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Honouring South African Inventions: The World’s First Heart Transplant

The second instalment of the South African Inventions coin series from the South African Mint commemorates the life-saving heart transplant procedure, pioneered by Dr Chris Barnard in Cape Town 50 years ago.

The South African Mint has issued a pair of sterling silver collectable coins which celebrate the world’s first heart transplant. The extraordinary surgery is celebrated on the 2017 R2 crown and 2-½ cent Tickey, which portray the design of a human chest and heart respectively. Together these coins allow the viewer to imagine the transplant; the small Tickey coin depicting the human heart fits perfectly the design of a human chest cavity that appears on the larger crown coin. Each coin depicts in accurate detail, the complexity of the human anatomy and beautifully pays homage to this great South African medical innovation. The head designer on the coins was the South African Mint’s Richard Stone as well as renowned artist Carl Jeppe (a well-respected artist and lecturer of figure drawing at the Tshwane University of Technology, Pretoria). The engraver (aka die sinker) was Paul Botes of the South African Mint who worked closely with the designers to ensure that the precise details were transferred to the master tooling.

SA Mint
2017 Crown and Tickey Set with Heart Mould

The R2 coin depicts in great detail the skeleton, epidermis, veins and organs of the torso area of the human body. The level of detail on this coin reveals the complexity of the veins and arteries weaving their way into and out of the heart, as well as the web of blood vessels connected to the liver. Also visible is the detailed texture of the outer wall of the heart, and even the puffy pillow-like tubing of the large and small intestines. This diseased heart shows fat deposits, dying muscle and an area of blocked blood flow, as noted in the area where the frosted and polished surface seems darker. A prominent circle indicates the position of the heart, as well as serving as the placeholder for the small Tickey and the imagined cavity of the human chest. Also located on this side in the upper right quadrant of the coin is the anniversary date, 1967.12.03 (3 December 1967), when this highly specialised surgery was performed, the face value of R2 and the words ‘First Heart Transplant’, superimposed over the lower half of the torso.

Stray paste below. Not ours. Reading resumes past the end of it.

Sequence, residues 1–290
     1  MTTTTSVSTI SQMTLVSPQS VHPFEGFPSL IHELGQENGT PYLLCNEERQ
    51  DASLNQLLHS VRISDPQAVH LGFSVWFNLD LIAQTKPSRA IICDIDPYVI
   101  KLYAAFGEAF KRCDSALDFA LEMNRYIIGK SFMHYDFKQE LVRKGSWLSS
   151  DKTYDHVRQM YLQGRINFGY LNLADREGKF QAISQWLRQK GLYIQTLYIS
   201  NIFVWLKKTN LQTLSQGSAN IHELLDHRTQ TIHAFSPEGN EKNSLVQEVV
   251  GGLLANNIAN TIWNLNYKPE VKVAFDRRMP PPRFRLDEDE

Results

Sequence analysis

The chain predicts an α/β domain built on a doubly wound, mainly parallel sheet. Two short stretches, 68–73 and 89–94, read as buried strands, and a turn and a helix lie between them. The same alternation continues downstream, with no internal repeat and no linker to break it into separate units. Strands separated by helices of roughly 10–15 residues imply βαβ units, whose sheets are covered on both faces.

SA Mint
2017 Tickey Coin

The small 2-½ cent Tickey coin depicts, again in minute detail, a healthy heart, with the thick aorta coming out of the top of the heart, the many blood vessels and the texture of the heart wall. The frosting of the relief of the healthy heart is lighter, whiter to indicate the better physical condition of this heart. The proof finish on the mirrored background focuses attention on the perfection of the healthy heart. Also located on this side are the face value of 2 ½ cents, the alloy of .925 silver combined with .75 copper and the initials ‘CNB’ representing the chief surgeon of this miracle, Dr Christiaan Neethling Barnard. Each coin may be purchased separately or as a set that comes with an anatomically-correct mould of the human heart, housed in an elegant hand-crafted wooden box made of walnut with a glossy, piano-finish varnish. Only 700 of these elegant wooden cases with the pair of coins will be made available.

SA Mint
Sterling Silver Mould of the Human Heart

The first South African Invention to be honoured by the South African Mint in 2016 was the dolos, the large concrete mould designed to break ocean waves at shore. These are innovations that were adopted the world over, putting South Africa at the fore of engineering and medical advancement. More inventions that originated in South Africa will be commemorated on collectable coins by the Mint. The Heart Transplant coins may also be purchased directly from the South African Mint or by completing the order form found online at: or emailing:

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